- Cynthia McCorkindale, Co-chair and Event Coordinator of the Bethel Action Committee

The public first heard about the proposed sale less than three months earlier. At the end of April 2013, many residents were dismayed to learn that town officials had been in closed-door talks to sell their essential water resources to Aquarion for more than a year. Billy Michael — head of the Bethel Action Committee, the taxpayer advocacy group that led the charge to stop the sale — told the News-Times, “The fact that the Public Utilities Commission has been negotiating the sale of our water and natural resources without any public knowledge for the past year should give every citizen in Bethel a chill down their spine.” 

Town officials supported the sale because the water system needed improvements to expand existing water supplies and the city of Danbury refused to let the town build a new water tank where the town wanted. Town officials thought Aquarion wouldn’t be subject to the same land-use restrictions. This reasoning fell far short of convincing residents that the town should give up control of an essential resource.

Bethel officials tried to ram the water system sale through a public vote by playing fast and loose with state laws about public meetings and referenda. Perhaps, they thought haste would favor the sale by limiting public discussion about the consequences. If so, this plan backfired.

Residents balked at the rushed and nontransparent process. The Bethel Action Committee rallied the opposition questioning the reasons behind the sale and criticizing the town’s hasty approach. Connecticut Fund for the Environment and the Rivers Alliance of Connecticut raised concerns about the environmental consequences of sacrificing public control over more than 290 acres of pristine watershed land. Food & Water Watch provided information about how water privatization is bad for consumers saddling them with high rates and unaccountable service.

In the end, the town failed to assuage residents’ worries about the loss of public control over their essential water services.

On July 18, 2013, more than 70 percent of voting Bethel residents rejected the sale of their water system to Aquarion.

 

Related Information

 

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August 27th, 2013

On a Trip to Fracking Country, Hearing of Hardships Firsthand

Fracking victim Ray Kemble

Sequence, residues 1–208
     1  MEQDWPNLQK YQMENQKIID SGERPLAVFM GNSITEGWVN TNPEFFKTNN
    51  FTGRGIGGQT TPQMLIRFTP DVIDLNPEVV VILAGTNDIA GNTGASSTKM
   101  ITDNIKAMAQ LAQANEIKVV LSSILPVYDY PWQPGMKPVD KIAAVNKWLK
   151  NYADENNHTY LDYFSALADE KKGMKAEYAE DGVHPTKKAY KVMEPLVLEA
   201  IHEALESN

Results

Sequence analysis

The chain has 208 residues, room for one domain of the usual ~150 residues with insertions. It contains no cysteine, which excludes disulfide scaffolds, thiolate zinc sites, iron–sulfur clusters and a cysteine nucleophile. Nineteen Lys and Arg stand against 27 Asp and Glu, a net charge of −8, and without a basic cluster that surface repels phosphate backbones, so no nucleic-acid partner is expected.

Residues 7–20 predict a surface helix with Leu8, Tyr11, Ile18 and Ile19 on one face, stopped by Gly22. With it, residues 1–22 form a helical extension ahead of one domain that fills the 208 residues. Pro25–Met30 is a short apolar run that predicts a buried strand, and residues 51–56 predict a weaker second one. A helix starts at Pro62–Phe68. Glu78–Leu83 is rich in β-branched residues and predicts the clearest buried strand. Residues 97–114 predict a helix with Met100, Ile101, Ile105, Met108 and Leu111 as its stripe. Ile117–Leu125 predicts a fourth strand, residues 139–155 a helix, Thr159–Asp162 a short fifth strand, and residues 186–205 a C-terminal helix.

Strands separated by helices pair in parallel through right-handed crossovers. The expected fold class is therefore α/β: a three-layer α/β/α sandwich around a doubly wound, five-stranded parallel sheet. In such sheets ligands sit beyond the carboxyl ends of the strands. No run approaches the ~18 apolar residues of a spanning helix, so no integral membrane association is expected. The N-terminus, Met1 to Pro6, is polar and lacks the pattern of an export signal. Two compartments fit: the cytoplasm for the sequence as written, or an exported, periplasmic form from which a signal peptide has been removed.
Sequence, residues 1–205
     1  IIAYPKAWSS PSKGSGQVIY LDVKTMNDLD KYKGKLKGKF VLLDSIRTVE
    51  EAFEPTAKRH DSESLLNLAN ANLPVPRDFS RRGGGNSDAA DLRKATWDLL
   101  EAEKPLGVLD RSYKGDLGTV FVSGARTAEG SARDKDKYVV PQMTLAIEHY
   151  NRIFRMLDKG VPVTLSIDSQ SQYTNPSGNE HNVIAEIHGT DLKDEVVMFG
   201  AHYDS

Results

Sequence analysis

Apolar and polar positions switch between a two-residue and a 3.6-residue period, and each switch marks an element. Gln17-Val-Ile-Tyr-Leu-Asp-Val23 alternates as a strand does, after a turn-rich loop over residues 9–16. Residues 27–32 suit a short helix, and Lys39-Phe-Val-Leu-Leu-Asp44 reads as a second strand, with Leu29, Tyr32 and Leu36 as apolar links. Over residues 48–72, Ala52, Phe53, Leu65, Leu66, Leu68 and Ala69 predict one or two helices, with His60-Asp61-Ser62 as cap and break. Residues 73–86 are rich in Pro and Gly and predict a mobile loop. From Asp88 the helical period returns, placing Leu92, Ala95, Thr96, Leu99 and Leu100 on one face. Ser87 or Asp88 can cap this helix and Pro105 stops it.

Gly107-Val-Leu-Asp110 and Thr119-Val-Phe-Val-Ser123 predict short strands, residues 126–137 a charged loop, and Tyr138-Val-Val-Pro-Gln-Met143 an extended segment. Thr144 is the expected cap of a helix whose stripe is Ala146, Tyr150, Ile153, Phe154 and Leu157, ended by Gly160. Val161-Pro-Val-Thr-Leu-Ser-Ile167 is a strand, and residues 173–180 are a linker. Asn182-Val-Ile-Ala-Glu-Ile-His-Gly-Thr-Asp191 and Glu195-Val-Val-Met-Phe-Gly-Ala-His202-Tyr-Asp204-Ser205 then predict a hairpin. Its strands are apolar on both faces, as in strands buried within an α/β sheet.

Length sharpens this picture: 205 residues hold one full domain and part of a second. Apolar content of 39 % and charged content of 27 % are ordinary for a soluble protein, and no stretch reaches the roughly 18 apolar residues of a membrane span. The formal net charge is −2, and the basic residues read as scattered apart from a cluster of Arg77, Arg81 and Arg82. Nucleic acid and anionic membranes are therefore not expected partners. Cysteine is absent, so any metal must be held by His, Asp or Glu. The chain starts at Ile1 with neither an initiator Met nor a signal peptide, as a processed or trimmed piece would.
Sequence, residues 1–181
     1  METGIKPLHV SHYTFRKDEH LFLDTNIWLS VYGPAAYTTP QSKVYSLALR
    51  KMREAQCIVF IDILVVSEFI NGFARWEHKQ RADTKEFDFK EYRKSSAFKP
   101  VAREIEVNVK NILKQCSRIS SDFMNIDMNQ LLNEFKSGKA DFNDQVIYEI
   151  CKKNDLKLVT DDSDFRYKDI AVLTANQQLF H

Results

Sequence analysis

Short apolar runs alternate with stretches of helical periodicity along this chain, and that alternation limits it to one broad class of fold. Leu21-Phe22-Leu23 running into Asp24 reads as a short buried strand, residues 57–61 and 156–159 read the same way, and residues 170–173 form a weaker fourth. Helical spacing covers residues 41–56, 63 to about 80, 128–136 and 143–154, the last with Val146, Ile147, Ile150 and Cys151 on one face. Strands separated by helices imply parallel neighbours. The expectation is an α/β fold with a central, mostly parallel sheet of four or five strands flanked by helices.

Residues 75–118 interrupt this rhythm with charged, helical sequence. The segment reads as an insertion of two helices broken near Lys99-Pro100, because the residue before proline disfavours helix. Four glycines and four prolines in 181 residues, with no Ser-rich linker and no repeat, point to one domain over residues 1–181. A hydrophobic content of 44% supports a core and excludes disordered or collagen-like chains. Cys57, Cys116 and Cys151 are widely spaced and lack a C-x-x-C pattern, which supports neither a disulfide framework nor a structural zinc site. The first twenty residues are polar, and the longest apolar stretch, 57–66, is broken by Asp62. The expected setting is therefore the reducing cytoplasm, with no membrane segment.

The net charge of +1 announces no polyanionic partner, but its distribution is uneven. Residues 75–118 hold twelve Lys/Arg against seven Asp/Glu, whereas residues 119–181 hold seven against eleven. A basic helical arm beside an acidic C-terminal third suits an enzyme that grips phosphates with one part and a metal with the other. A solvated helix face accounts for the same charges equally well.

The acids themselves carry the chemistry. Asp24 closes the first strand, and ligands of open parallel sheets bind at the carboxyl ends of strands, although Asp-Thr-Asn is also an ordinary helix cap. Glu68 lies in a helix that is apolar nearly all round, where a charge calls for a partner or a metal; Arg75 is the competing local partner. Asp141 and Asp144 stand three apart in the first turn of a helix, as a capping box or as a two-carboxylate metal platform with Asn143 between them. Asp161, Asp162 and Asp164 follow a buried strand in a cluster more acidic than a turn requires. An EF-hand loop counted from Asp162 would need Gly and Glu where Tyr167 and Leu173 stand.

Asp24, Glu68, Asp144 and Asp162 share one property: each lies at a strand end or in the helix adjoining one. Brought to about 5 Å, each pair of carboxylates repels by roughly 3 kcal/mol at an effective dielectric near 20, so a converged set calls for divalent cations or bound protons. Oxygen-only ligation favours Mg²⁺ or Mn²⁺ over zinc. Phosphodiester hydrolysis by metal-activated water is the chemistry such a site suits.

By Jill Pape

On a recent road trip to Pennsylvania, I saw a sight that was both familiar and unfamiliar: fracking rigs.  Though I’d been working for the past year with Food & Water Watch and had seen countless images of fracking, it was my first time seeing the drilling process up close and personal. And out there in Pennsylvania, the sight of drilling rigs was hard to miss. Driving down the main road in Dimock, Pennsylvania, we saw well pads every few hundred feet — many just a stone’s throw away from neighborhood homes.

But beyond the familiar drilling rigs, much of what I saw in Dimock was a huge surprise. Where I’d expected to come across outraged citizens and families complaining about tainted water, what I encountered instead was chilling: silence.

Where were all the families I’d seen in Gasland, lighting their tap water on fire and speaking out about their fracking-induced migraines and mystery rashes? As we passed home after home of suspiciously quiet residents, the truth began to surface. Read more…

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July 16th, 2013

Sale of Bethel’s Water System Would be a “Tax Through the Tap”

By Seth Gladstone

The proposed sale of Bethel, Connecticut’s drinking water system to Aquarion is a bad deal for residents and one that they should reject. Not only would the privatization mean much higher water rates for town residents in the future, it would also take the drinking water system out of local public oversight and control.

Aquarion agreed to charge the same rates as the town would charge through 2015, but after this period, the company will likely bring Bethel’s rates up to those of its Eastern Division – an extra $141 a year, or 37 percent more. Plus, Aquarion seeks a rate increase once every three years, and right now, the company is seeking to hike its Eastern Division rates by 23 percent over the next three years, which would bring the typical household’s annual bill up to $642 by 2015.

Statistically, privately owned water systems charge higher rates than publicly owned water systems of the same scale. This makes sense. Privatized water systems have two key disadvantages that drive up their rates significantly. First and foremost, private utilities demand profit on their investments. This profit motive compels regulated utilities to overinvest and prioritize reimbursed capital expenditure over efficiency. This is a well-established economic phenomenon, and it comes at the expense of ratepayers.

Read more…